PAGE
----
Molluscan Reproduction and Egg Case

Molluscan Reproduction and Egg Case (HM20DR)

Location: Sanibel, FL 33957 Lee County
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Country: United States of America
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N 26° 27.168', W 82° 0.873'

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Inscription
Do you know how mollusk babies are born? Sexes are separate in most mollusks, but some will have both sexes in the same individual (hermaphrodites).

In other cases, such as in quahog clams and slipper snails, the mollusk undergoes sex reversal, with individual starting their lives as males and changing into females as they grow older.

In many mollusk species, male and female will release sperm and eggs in the water.
Sperm will fertilize eggs, which become free-swimming larvae. This is the case of clams, oysters, limpets, and turban snails, to name a few. In other mollusk groups, the male will fertilize the female by depositing sperm into the female reproductive organ. The female later will deposit eggs on the sea floor.

Sanibel beaches are famous for the largest variety of egg cases that wash ashore after storms.
Some of these are illustrated in this panel. One of the most commonly found is the egg case chain of the lighting whelk, which could measure up to 4 feet in length.
A female whelk may spend more than a week laying the egg case chain, which she attaches to a pebble or shell buried in the sand.

How many different types of egg cased can you find?


A banded tulip, Fasciolaria ilium hunteria, lay an egg case.
Photo by Amy Tripp

A crown conch,
Melongena corona, and her egg cases.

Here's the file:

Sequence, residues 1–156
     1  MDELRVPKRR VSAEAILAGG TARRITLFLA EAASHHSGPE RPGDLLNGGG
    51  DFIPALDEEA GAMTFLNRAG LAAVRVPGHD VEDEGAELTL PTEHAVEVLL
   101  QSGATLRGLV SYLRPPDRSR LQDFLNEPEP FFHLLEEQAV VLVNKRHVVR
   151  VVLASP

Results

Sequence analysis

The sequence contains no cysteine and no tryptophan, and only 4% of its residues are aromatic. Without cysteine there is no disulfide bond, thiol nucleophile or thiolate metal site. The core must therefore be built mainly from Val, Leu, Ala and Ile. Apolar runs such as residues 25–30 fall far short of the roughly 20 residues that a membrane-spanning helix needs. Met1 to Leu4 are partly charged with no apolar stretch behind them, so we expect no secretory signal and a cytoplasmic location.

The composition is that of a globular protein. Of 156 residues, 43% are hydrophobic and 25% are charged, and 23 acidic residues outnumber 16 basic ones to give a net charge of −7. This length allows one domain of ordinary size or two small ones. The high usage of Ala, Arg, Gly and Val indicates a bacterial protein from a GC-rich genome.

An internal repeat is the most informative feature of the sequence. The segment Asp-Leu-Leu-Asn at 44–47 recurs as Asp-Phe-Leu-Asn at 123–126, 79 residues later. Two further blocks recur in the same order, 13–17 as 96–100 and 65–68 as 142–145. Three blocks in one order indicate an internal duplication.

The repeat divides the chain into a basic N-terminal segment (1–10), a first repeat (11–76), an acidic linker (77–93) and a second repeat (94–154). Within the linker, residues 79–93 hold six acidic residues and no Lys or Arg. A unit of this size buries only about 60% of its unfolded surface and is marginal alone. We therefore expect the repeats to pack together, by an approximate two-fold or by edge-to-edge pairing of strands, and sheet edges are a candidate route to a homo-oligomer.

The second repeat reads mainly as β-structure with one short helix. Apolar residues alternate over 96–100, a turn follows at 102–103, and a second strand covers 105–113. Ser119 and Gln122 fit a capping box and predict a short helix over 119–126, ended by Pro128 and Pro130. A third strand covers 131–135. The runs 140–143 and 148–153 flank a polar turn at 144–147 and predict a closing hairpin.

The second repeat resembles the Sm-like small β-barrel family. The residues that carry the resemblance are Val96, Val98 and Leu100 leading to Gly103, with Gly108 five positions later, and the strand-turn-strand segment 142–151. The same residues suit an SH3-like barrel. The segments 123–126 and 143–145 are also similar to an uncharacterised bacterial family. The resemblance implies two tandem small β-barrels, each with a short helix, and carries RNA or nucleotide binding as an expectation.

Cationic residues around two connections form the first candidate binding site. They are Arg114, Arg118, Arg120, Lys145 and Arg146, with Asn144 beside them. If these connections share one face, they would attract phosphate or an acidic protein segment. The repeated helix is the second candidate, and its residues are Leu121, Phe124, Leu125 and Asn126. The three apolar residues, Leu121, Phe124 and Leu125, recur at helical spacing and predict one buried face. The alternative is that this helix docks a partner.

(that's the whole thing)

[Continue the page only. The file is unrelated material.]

Photo by Jose H. Leal

A horse conch, Triplofusus giantess, and her egg cases.
Photo by Amy Tripp

Antilles glassy bubble, Haminoea antillarum, and egg ribbon.
Photo by angel Vaddes

The egg chain of the lighting whelk, Busycon sinistrum. The egg chain may bear form 50 to 180 cases, and each case may hold from 20 to 200 embryos.
Photo by Jose H. Leal


Egg cases of the many-whorled cantharus, Cantharus multangulus.
Photo by Jose H. Leal

Large communal spawn of apple murexes, Chicoreus pomum.
Photo by Amy Tripp

A female lighting whelk, Busycon sinistrum, surrounded by males. (Male always small)
Photo by Amy Tripp

The delicate eggs cases of the sharp rib drill, Eupleura sulcidentata, look like-tiny champagne goblets.
Photo by Jose H. Leal

Striped false limpets, Siphonaria pectinate, lay tiny eggs (insert) in the spring.
Photo by Jose H. Leal

Content and Design by:

The Bailey - Matthews Shell Museum
Details
HM NumberHM20DR
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Marker ConditionNo reports yet
Date Added Thursday, August 3rd, 2017 at 1:03pm PDT -07:00
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Locationbig map
UTM (WGS84 Datum)17J E 398855 N 7073770
Decimal Degrees26.45280000, -82.01455000
Degrees and Decimal MinutesN 26° 27.168', W 82° 0.873'
Degrees, Minutes and Seconds26° 27' 10.0800" N, 82° 0' 52.3800" W
Driving DirectionsGoogle Maps
Area Code(s)239
Closest Postal AddressAt or near 110 Periwinkle Way, Sanibel FL 33957, US
Alternative Maps Google Maps, MapQuest, Bing Maps, Yahoo Maps, MSR Maps, OpenCycleMap, MyTopo Maps, OpenStreetMap

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